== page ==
This part of your auto insurance provides protection for the injuries you cause (bodily injury) and the damage you do to other people's property (property damage). One million dollars of auto liability coverage should be the minimum limit for banks.
The coverage symbol should be "any auto" or at least must include hired and non-owned autos. See section below for info on the coverage symbols used in most policies.
Uninsured Motorists/Underinsured Motorists
Uninsured/Underinsured motorists insurance pays for the injuries to you and others in your car, caused by a driver with either no insurance or too little insurance. Your insurance pays you, then "goes after" the other person.
Coverage availability varies by state. In most cases, it is best to have the limit of uninsured motorist coverage the same as your liability coverage. Recall that injured employees (while working) are probably covered by workers' compensation.
Personal Injury Coverage
Also known as "no-fault" or PIP insurance. It pays for your medical bills caused by an auto accident. Under no-fault, you don't need to sue the other party. This coverage section is not a part of auto insurance in all states.
Pays the medical bills for people in your vehicle when there is an accident. In most states this coverage is limited to some relatively small amount $1,000 or $5,000. It can pay the deductibles and co-payments of your health insurance.
Also called "Other than Collision." This part of your auto insurance pays for the damage to your car caused by something other than an accident fire, hail, windstorm, theft, or vandalism, for example. The coverage section also pays for the damage to your car caused by hitting an animal (not considered an accident but an act of God). There is usually a deductible stated the amount you pay in the event of an accident.
Use a large deductible to control premiums. Consider not buying comprehensive coverage if your vehicle is more than five model years old.
Pays for the damage to your car or truck that has been in an accident. The policy will include an amount you pay before the insurance company steps in—a deductible. Use a large deductible to control premiums.
Consider not buying collision coverage if your vehicle is more than five model years old.
Towing & Labor Insurance
Pays for the cost of towing and labor expenses when your vehicle is disabled. Usually limited to some small amount—$35, for example. Usually not worth the premium. Don't turn in small property claims!
Rental Vehicle Coverage
Pays for the rental of a car after an accident. What would you do if a particular vehicle were taken out of commission? This is another area of low severity. It may be a part of an extension endorsement provided by your insurance.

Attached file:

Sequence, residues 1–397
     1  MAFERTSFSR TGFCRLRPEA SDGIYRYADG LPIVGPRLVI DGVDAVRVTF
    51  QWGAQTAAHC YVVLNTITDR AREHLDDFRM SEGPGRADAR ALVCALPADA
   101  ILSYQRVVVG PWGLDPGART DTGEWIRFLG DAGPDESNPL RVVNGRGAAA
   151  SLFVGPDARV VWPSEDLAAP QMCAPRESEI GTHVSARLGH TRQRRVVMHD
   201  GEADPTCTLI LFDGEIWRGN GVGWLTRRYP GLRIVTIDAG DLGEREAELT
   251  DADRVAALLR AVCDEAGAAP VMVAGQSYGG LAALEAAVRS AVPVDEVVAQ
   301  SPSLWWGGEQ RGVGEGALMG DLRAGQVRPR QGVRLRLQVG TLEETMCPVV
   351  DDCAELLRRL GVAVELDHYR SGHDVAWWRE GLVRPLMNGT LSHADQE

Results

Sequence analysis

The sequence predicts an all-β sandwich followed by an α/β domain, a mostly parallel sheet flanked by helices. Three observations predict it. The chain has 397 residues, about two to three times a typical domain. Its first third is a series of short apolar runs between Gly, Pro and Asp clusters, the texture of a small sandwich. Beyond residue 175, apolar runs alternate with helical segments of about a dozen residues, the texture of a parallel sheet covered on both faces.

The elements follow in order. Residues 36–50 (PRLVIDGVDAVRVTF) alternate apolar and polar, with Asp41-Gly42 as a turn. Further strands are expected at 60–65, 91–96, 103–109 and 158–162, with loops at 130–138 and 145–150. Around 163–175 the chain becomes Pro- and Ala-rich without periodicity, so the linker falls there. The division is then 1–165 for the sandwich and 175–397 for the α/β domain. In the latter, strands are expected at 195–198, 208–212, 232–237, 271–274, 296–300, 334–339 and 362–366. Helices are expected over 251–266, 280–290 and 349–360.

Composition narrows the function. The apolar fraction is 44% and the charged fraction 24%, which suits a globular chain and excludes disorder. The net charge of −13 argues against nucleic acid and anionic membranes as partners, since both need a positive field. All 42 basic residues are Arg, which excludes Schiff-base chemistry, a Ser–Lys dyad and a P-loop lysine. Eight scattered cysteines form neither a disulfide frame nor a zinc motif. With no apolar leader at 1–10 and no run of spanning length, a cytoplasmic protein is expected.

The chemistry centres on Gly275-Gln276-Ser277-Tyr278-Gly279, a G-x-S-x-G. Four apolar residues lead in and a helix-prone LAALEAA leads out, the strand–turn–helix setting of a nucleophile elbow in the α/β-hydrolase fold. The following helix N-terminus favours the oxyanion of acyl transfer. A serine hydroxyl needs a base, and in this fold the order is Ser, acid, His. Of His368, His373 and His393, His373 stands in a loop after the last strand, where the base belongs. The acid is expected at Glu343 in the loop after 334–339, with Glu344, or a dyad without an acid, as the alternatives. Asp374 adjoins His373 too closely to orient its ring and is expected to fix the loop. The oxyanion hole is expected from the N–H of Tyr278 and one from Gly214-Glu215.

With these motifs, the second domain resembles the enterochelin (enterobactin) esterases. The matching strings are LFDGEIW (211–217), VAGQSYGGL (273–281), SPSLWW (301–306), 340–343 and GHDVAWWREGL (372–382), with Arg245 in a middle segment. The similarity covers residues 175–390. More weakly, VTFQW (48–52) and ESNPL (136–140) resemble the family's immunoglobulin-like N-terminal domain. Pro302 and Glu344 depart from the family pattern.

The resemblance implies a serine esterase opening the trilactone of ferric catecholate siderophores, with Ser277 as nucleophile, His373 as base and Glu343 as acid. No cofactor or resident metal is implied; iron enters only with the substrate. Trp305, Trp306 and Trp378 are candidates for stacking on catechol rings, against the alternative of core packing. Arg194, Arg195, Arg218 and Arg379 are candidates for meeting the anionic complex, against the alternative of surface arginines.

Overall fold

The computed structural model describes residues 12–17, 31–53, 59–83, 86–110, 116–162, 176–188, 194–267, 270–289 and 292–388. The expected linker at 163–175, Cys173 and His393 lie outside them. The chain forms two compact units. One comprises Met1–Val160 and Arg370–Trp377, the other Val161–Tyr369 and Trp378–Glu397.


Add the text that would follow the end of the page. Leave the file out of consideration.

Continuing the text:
Auto Extension Endorsements
Many insurance have a policy endorsement that extends protection to other areas. Coverage can include life insurance, additional medical payments, payments for remaining lease installments, and extending the coverage for a car you rent. Talk with your agent about your policy.
Non-Owned Auto Coverage
It isn't just the cars you own that expose your bank to liability. Every time an employee goes to a meeting or visits with a customer, the bank is exposed. If a loan officer causes an accident while driving his own vehicle on bank business, the bank could be sued. Check with your agent to be sure you have non-owned auto coverage.
Drive Other Car Coverage
Protects employees who are provided company cars and don't have their own personal auto policy. Talk with your agent. You may get this coverage automatically if you buy the coverage broadening endorsement offered by many insurance companies.
When renting cars (short-term rentals from Hertz and Avis, for example), buy the coverage offered by the rental car company or use a credit card that provides the same insurance. Call your credit card customer service department for the details of your credit card company's service.
Damage to Employee Vehicles
What are employees' expectations for damage caused in accidents while driving their personal vehicles? Will you pay for damage to their vehicle or should the employee rely upon their own insurance? Will you pay their deductible? Make your plan clear in your employee handbook to avoid misunderstandings. Send an annual reminder to all employees stating your bank's policy on employee vehicle usage.
Use Same Insurance for Auto and General Liability. Consider having the same insurance for auto and general liability to eliminate any coverage gaps or overlaps.
How are repossessed cars covered by your auto policy? "Any auto" liability coverage will protect the bank. How about damage to the vehicles comprehensive and collision insurance? A repossessed vehicle is considered an owned vehicle by most insurance You may be able to add coverage to your bank's auto policy. Talk with your agent.
Is the exposure for your parking garage covered? Parking vehicles may expose the bank to claims that you are responsible for any damage that occurs. This is certainly true if you charge a fee for parking. What are employees' expectations of payment for damage to their vehicles while parked in the bank's parking lot? Talk with your agent about garagekeepers insurance.
Commercial auto policies specify the extent of coverage provided by using numeric symbols to indicate the breadth of the protection. The declarations page of your auto policy outlines coverage areas (liability, uninsured motorist, medical payments, etc.) with coverage symbols that apply to the type of insurance. The applicable symbols are numbers 1 through 9.
Symbol 1 is the broades any auto. Symbol 9 provides coverage for non-owned vehicles only. Using symbol 7 reduces the coverage to claims from vehicles listed on the policy only. Insurance sometimes use a combination of symbols, 8 and 9, for example, to provide coverage for hired and non-owned autos.